I deliver Arup’s strategic consulting...
The past two years have brought highs and lows for infrastructure and property investors around the world. In Australia, I’ve watched several large, complex infrastructure projects go awry as a result of unforeseen technical and operational difficulties.
Not surprisingly, the dealmakers and operators I talk to in the infrastructure and property sectors want to understand more about market drivers, operational issues and ways to improve performance. For me, quality transaction advice is the key to helping them maximise returns on their assets.
I believe that to make a truly informed, unbiased judgement about risk and return, dealmakers need to integrate three types of expertise: financial, technical and commercial. But whose job is it to do this?
Is it the engineer, the banker, the accountant, the lawyer or the tax adviser who can look across the whole picture of risks and potential returns, and boil it all down to the bottom line for the client: what is the asset worth? Can they help clients understand what they will be letting themselves in for in terms of operational risk, ongoing maintenance, customer retention or defection and all the other things that can go wrong?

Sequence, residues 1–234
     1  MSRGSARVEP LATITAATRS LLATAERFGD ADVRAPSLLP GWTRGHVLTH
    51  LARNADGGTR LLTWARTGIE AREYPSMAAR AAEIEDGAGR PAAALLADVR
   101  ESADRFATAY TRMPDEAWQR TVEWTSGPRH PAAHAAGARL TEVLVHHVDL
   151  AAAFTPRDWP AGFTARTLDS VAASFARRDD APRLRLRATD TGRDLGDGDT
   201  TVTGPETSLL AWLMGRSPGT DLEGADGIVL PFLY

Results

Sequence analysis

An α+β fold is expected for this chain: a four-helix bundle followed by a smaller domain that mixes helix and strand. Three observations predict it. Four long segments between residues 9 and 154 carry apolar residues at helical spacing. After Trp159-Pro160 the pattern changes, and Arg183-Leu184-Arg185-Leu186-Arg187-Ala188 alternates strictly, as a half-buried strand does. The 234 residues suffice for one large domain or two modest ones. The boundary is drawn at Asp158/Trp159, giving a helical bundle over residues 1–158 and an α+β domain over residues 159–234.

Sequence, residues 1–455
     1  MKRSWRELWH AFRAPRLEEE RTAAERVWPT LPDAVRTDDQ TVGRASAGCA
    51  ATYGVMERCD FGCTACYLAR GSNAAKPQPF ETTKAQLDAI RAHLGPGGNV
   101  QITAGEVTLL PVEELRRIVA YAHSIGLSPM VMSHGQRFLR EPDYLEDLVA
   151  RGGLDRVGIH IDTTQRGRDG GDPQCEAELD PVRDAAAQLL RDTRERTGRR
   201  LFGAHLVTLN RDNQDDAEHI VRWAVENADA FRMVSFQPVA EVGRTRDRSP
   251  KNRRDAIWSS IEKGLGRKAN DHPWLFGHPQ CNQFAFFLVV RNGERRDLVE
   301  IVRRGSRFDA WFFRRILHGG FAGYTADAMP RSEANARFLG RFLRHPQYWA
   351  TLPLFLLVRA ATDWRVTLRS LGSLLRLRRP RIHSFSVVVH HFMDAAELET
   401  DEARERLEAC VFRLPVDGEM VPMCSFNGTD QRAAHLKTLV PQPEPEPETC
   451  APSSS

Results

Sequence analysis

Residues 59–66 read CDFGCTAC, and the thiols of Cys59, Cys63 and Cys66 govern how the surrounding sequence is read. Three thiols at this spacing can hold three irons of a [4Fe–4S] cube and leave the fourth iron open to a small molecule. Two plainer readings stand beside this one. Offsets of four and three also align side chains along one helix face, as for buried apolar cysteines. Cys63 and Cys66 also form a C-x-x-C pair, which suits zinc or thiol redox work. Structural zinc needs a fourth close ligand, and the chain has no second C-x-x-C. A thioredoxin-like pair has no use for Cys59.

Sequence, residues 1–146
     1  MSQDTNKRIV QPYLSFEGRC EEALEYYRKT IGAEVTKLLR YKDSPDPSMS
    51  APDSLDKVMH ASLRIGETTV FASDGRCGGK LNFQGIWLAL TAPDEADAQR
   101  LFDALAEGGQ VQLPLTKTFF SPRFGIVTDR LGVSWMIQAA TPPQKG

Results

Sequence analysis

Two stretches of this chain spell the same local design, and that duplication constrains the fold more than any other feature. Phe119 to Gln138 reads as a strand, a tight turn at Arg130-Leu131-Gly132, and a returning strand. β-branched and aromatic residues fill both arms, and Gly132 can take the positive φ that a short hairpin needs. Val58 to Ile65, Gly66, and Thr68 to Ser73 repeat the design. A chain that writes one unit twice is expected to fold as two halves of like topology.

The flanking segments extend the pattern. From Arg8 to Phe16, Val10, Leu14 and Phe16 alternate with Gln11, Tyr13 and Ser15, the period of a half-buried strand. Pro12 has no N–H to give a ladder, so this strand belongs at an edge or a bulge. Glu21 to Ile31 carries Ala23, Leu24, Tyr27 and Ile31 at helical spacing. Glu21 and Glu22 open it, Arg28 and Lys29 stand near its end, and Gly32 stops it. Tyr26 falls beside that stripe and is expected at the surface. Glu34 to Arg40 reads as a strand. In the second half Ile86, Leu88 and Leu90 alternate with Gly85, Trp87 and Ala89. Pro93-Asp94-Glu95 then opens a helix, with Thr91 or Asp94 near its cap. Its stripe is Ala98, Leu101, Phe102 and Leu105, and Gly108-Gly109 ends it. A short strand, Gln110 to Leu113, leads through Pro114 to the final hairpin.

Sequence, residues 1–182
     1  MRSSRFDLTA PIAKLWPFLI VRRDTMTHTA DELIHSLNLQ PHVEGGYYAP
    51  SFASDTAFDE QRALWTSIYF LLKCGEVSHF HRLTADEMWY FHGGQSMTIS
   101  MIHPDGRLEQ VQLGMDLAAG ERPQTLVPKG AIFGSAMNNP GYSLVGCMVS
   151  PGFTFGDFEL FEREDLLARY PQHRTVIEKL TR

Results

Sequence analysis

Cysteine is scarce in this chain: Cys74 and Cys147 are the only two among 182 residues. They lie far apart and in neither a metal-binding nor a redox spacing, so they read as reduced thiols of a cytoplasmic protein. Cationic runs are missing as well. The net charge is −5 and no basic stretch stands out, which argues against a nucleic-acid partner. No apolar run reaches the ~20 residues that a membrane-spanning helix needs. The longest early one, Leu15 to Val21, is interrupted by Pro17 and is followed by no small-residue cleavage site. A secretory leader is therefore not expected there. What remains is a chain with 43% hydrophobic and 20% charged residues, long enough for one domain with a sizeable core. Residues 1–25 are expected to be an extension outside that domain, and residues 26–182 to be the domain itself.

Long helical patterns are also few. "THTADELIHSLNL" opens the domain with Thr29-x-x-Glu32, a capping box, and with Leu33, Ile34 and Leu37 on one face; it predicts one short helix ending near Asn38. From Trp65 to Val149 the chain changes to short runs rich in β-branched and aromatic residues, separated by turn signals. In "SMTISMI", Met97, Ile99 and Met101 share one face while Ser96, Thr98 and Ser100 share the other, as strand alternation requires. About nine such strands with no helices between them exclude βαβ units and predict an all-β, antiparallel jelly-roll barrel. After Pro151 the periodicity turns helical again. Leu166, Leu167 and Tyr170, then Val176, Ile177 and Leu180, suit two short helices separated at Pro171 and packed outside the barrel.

This is where transaction advisers come in. They act as an independent and impartial adviser to clients, in a diverse, interesting role that requires a special set of skills. It also requires an environment that’s conducive to straight talking between the client, their bankers and investors.
To offer effective transaction advice you cannot be too worried about what the client might want to hear. Instead, you need to concentrate on carefully translating technical and commercial issues into a risk-based financial analysis. This enables them to fully evaluate the risk/return equation on the deal, and to reconcile the transaction adviser’s views with their own assessment of the transaction.
I believe good quality transaction advice can make a world of difference to the success of infrastructure investment.
In an era where cash is in short supply but our cities demand ongoing infrastructure renewal, I’d love to hear about your experience in this field.